Icelandic volcano a lurking threat
2010-May-14 07:53:03

DUBLIN - It's been a month now, and Iceland's volcano shows no sign it will stop belching ash across Europe anytime soon. The rolling eruptions threaten more havoc for summer vacation plans and higher costs for struggling airlines.

Although the global disruption of last month's massive eruption has faded, smaller ash plumes snarled air services intermittently over the last week all the way to Turkey - more than 4,100 kilometers from the Eyjafjallajokul (pronounced ay-yah-FYAH-lah-yer-kuhl) volcano.

Air-control authorities and geologists agree that the continent must brace indefinitely for rapid shutdowns of air services as computerized projections try to pinpoint where the ash clouds will float next at the whim of shifting winds.

"We do not pretend to be psychics," said Einar Kjartansson, a geophysicist at the Icelandic Meteorological Office, who often has been asked to guess the volcano's next move since it began spitting lava and ash March 20.

Huge volumes of ash, which can clog jet engines, forced most of northern Europe to shut its air services April 15-20, grounding an estimated 10 million travelers worldwide.

Since then the ash plume has thinned and spread out, shifting shape by the hour, rising into North Atlantic air routes and imposing awkward detours on hundreds of trans-Atlantic flights daily.

The costs to airlines associated with an ash cloud can add up quickly. Two hours of jet fuel to divert to another airport can cost $5,000 to $10,000.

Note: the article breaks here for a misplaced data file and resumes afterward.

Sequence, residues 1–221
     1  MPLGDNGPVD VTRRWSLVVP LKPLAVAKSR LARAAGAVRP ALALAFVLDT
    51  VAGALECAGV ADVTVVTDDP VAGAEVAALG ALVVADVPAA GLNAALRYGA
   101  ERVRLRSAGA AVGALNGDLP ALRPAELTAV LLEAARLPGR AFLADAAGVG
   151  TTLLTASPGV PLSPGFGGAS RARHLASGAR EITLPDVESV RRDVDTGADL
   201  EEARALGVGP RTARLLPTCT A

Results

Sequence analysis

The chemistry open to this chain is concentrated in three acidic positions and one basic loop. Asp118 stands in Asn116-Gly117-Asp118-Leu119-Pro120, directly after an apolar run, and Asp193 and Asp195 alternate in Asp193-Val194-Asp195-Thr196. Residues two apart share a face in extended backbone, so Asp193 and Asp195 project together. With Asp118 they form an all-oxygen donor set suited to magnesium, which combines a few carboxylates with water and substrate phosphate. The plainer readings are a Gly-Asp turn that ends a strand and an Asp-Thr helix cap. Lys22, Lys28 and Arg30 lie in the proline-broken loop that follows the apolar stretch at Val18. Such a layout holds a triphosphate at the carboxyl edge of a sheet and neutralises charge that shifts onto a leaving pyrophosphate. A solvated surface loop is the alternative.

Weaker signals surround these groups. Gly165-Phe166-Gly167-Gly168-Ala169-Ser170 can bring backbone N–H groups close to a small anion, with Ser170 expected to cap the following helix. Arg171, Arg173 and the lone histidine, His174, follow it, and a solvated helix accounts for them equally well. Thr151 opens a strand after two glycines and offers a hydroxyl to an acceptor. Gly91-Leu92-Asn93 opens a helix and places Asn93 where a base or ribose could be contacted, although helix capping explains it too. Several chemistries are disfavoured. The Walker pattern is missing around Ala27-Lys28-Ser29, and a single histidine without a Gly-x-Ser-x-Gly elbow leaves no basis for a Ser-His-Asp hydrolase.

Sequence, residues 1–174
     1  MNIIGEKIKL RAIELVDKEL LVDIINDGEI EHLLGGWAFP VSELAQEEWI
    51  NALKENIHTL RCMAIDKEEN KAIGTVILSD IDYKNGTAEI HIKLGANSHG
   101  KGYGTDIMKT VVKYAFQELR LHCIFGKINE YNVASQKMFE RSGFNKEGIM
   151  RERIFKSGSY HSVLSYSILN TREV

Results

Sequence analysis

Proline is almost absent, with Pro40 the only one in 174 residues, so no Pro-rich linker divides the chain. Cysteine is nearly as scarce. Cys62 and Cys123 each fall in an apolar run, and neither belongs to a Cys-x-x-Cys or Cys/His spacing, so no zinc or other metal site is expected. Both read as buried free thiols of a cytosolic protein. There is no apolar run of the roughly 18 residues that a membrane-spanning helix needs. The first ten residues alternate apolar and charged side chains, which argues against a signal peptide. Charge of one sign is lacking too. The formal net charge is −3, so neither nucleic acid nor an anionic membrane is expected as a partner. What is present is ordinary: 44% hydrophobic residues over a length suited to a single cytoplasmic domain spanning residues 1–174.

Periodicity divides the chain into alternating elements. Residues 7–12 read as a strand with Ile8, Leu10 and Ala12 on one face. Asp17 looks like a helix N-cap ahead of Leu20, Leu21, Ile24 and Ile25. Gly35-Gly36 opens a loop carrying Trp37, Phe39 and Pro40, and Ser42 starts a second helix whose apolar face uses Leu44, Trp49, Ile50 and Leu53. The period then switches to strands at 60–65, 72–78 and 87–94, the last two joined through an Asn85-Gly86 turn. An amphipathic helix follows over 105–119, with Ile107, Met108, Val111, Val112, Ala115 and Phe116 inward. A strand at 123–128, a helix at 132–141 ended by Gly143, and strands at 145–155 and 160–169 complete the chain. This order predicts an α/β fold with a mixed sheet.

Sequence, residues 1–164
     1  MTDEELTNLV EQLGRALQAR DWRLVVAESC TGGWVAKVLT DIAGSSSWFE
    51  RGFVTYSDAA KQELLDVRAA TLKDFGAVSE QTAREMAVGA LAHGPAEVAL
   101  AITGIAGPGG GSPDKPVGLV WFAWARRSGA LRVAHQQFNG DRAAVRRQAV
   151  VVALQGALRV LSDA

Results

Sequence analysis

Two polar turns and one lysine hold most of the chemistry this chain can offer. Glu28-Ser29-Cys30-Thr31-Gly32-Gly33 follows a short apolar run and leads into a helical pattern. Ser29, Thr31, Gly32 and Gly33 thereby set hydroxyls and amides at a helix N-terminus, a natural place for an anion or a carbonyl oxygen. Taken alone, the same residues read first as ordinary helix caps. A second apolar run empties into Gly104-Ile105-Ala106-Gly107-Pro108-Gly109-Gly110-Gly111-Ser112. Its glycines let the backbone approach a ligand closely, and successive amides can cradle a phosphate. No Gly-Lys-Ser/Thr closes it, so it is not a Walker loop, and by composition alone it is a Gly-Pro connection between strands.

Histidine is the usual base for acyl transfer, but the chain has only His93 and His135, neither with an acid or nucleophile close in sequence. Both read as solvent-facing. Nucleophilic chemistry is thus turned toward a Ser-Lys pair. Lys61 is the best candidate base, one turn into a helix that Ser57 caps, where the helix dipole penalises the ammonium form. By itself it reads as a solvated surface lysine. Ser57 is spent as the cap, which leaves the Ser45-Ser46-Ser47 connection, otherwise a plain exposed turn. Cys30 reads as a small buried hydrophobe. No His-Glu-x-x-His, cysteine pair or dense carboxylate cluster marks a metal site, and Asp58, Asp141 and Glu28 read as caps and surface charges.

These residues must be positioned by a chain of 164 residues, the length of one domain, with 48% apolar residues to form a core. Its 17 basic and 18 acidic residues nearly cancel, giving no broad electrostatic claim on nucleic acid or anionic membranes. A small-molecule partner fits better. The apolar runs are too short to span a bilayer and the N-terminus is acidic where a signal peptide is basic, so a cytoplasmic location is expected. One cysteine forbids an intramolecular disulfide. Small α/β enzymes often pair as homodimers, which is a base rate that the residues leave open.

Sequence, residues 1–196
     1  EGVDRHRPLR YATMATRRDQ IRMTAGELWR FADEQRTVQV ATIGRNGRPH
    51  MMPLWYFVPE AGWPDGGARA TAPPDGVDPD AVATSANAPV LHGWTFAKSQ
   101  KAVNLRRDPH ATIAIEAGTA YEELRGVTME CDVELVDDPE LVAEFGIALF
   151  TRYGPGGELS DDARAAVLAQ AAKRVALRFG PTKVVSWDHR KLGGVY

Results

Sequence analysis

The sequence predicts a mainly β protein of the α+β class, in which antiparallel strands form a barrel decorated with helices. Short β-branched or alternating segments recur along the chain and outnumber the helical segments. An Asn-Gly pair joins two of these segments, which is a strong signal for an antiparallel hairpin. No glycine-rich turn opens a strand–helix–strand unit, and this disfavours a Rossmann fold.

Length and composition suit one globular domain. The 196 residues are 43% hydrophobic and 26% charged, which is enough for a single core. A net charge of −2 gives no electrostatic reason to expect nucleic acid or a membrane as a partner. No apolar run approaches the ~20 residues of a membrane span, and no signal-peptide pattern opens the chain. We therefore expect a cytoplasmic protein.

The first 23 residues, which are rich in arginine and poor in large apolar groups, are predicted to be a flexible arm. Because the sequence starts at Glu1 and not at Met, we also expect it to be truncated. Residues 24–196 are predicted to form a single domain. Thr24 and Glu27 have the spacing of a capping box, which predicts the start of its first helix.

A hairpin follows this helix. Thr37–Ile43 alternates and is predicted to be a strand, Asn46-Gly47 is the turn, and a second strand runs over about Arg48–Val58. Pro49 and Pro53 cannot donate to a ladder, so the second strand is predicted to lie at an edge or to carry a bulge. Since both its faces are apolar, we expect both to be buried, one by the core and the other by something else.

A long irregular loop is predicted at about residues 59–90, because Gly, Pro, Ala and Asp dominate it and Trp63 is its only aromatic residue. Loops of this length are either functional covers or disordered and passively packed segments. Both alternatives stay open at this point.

This weekend, Lufthansa couldn't land in Munich so it diverted planes to other German airports and bused passengers the rest of the way.

Jose Luis Barrera, deputy president of Spain's College of Geologists, said Europe should get ready for ash-covered inconvenience at least through the summer - and perhaps longer. He noted that the volcano's last eruption ran from 1821 to 1823.

"We're going to have to learn to live with the volcano," Barrera said.

Irish tourism centers dependent on Europeans and Americans arriving by air say their summer will be bleak if the volcano doesn't stop. Ireland's government has called in tourism industry officials emphasizing they must woo more Irish to compensate for the missing foreigners.

She said this summer, the key to financial survival would be the approximately 50 cruise liners expected to disgorge tourists in Cobh. "We're lucky in that we can fall back on the cruise liners. Nothing is going to stop them from coming in," said Debbie Walsh, manager of a heritage museum.

Associated Press

(China Daily 05/14/2010 page12)

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